See: Hokusai :  Under the wave, 1825.
The Wave in Art

It is probable that Sporing was able to capture the wave contours so accurately because there was a consistent ,
if small, swell running down the beach.
The image was thus constructed from many similar waves breaking regularly while he completed the principal image of the canoe.

Campus Beach, Santa Barbara.
When it moves out it is just the same.
A long winding wall.
Photo: Woody.

v15 n4 1974 November, page 77.

John Webber:
Surfboard paddler, Hawaii, 1778.

The first known image of a surf board.

Detail from
John Webber:"A View of KaraKakooa, in Owyhee, 1778." 

Later printed in
Twombly, Alexander S.: Hawaii and Its People
Silver, Burdett & Co., 1899, New York, 1899. 

Charles Gold:
Catamaran surfer, Madras, India, 1800.

The earliest known image of surf riding.

Colour aquatint on paper
Australian National Maritime Museum.
Collection Purchased with USA Bicentennial Gift funds.


Alphonse Pellion : 
The Houses of Kraimokou, circa 1819.

Often cited as "First image of an olo surfboard."

Published in 
Freycinet, L : 
Voyage autour du mode, 1817-1820. 
(Voyage Around the World,1817-1820.) 
Chez Pillet aine, Paris, 1825.
Volume 2, Part 2, Book 4, Chapter XXVII.

Colourised version from the 
           Mr. and Mrs. Severson Collection. 
Lueras: Surfing (1984) page 35.

The sheen on the left hand side is a scanner imperfection.

Jacques Arago  : 
"Wahine, Hawaii, circa 1819."

Decorative, rather than informative.

It may or may not be intended to illustrate surf riding.

Possibly printed in 
Freycinet, L : 
Voyage autour du mode, 1817-1820. 
(Voyage Around the World,1817-1820.) 
Chez Pillet aine, Paris,1825.

Rev. Isaac Taylor :
Surf Swimmers, (Sandwich Islands), 1830.
The earliest known image of Hawaiian surf riding. 

 Illustration by the author from 
Taylor, Rev. Isaac: The Ship.
 John Harris, London, 1830.



F. Howard :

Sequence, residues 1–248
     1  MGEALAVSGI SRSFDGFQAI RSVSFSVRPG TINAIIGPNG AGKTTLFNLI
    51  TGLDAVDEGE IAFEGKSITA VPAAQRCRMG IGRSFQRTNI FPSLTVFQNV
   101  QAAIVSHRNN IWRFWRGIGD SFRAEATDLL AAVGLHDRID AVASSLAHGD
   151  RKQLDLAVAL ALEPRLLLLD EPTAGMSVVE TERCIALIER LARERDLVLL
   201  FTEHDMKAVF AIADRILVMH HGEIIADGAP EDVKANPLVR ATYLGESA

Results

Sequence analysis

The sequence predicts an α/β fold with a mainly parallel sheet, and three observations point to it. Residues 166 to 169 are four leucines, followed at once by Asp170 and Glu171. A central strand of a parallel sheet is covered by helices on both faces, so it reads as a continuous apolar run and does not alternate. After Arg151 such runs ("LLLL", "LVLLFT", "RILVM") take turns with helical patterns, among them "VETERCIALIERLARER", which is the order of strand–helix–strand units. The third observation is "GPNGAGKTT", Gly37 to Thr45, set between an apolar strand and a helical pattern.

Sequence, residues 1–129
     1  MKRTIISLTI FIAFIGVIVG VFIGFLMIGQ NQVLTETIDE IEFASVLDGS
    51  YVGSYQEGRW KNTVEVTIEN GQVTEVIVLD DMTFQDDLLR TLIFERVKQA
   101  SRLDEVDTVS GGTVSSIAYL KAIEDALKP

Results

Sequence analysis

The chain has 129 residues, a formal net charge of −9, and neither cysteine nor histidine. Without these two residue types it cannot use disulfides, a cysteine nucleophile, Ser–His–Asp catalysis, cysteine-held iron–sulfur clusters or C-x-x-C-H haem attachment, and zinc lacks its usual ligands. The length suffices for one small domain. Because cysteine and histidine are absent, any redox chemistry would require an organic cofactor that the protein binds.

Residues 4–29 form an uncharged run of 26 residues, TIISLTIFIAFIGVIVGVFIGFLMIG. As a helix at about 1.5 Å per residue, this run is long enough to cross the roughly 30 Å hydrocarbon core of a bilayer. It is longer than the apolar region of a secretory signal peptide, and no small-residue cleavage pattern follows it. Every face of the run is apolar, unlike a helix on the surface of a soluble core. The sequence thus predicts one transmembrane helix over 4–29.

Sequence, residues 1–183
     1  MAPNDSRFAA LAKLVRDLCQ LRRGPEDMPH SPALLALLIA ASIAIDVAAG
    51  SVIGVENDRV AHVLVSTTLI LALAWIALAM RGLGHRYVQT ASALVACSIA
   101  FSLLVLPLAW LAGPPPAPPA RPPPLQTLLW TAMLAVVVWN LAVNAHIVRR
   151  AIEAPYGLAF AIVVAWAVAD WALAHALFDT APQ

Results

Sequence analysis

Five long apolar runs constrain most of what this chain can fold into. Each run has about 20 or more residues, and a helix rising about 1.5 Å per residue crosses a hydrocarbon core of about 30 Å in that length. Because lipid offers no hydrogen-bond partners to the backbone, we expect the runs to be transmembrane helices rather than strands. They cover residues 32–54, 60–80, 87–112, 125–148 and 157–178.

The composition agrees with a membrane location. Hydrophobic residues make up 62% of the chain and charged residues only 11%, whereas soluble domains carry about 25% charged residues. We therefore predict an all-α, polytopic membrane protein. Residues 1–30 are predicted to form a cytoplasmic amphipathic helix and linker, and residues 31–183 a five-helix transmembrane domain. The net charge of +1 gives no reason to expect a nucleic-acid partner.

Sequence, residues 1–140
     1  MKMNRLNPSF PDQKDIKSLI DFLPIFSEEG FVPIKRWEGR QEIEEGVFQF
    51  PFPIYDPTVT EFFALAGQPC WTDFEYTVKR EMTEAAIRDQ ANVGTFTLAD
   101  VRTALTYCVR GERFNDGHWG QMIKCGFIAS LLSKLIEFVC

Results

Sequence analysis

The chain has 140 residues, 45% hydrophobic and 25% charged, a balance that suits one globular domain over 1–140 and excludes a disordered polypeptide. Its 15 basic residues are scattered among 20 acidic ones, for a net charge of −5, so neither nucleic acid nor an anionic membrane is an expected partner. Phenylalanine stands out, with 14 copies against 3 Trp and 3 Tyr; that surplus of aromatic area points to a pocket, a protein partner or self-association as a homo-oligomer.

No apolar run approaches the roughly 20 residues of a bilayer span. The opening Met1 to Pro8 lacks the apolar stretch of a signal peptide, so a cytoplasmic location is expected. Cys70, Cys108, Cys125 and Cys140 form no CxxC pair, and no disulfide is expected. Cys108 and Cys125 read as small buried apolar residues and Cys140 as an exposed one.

Sandwich Island Surf-riders, 1831.

Often cited as "The first Western image of surf-riding."

It correctly identifies stance.

Illustration from 
Ellis, Rev. William: 
 Polynesian Researches: Hawaii.
Fisher, Son and Jackson, London, 1831, frontpiece.


F. A. Olmsted  : 
Sandwich Islanders Playing in the Surf, 1841.

First image of surf riding by the same author and artist.

Lithograph by Endicott, New York.

Illustration from 
Olmsted, Francis Allyn: 
Incidents of a Whaling Voyage.
Appleton and Co., NY, 1841, facing page 223.


Anonymous : 
Hawaiian Surfing, Hilo Bay, Hawaii, circa 1850.

The painting is reproduced in

Lueras : Ultimate Pleasure (1984) page 48.

Mr. and Mrs. Don Severson Collection. 
Lueras notes: The oil painting ... was painted on a biscuit tin ... by an unknown artist who visited Hawaii about 1850.
The work was recently discovered in a New York art gallery by a Honolulu antiquarian who has since returned it to Honolulu. -page 49.
Anonymous : 
Hawaiian Sport of Surf Playing, 1851.
First surf riding illustration published in a magazine.

Published in
Cheever, Rev. Henry T. :
"The Sandwich Islands Today" 
The International Monthly Magazine of Literature, Science and Art. 
Volume IV, Number III, October 1851.
Stringer and Townsend, New York.
Cheever, Rev. Henry T.: 
Life in the Sandwich Islands.
A.S. Barnes and Co. New York,  1851,
facing page 68.

James Gay Sawkins  : 
Surfboard, a bathing scene, Lahaina, circa 1855.
Water colour, 
National Library of Australia. 

The painting is reproduced in
Thom: Surfmovies (2000) page 5.

 Harden S. Melville :
Surf Swimming off the Coast of Hawaii, 1863.

 Woodcut and design by Harden S. Melville.
Engraved by Newsom Woods.

Printed in
Greenwood, James:
Curiosities of Savage Life.
  S.O. Beeton, London, 1863, page 96.

Anonymous : 
Surf swimming at Hawaii, 
Sandwich Islands, 1866.

Most likely a copy of Harden S. Melville's 
Surf Swimming off the Coast of Hawaii, 1863,

Printed in
Leslie's Illustrated Weely, 
Arkell Weekly Co., New York 
7 April 1866, page 37. 

(From a painting by) Winslow Homer : 
Low Tide, 1870.
Wood engraving by W. H. Kingdon.
Published in Every Saturday
, Boston, 6th August 1870.

 Children play at the beach at Eagle Head, Manchester, Massachusetts.


Brooklyn Museum

Also see High Tide, 1870:

“Sea-bathing,” as it was called, was an activity to be approached with caution at this time.
Although popular illustrations exploited the titillating aspects of lightly clad females on the beach,
Homer’s subject was a daring one for an oil painting.

[Wallis McKay] : 
Surf-swimmers, 1870.

A highly detailed image denoting riding positions, stance, 
duck-diving, waves in sets, off-shore winds and significant wave height.

This is very similar in composition and style to Wallis McKay (1873), see below. 
Either McKay was responsible for this illustration, 
or this artist was influenced her work.
Printed in
Wood, John George: 
The Uncivilized Races of Men in all Countries of the World.
 Volume 2
G. Routledge and Sons, London, 1870.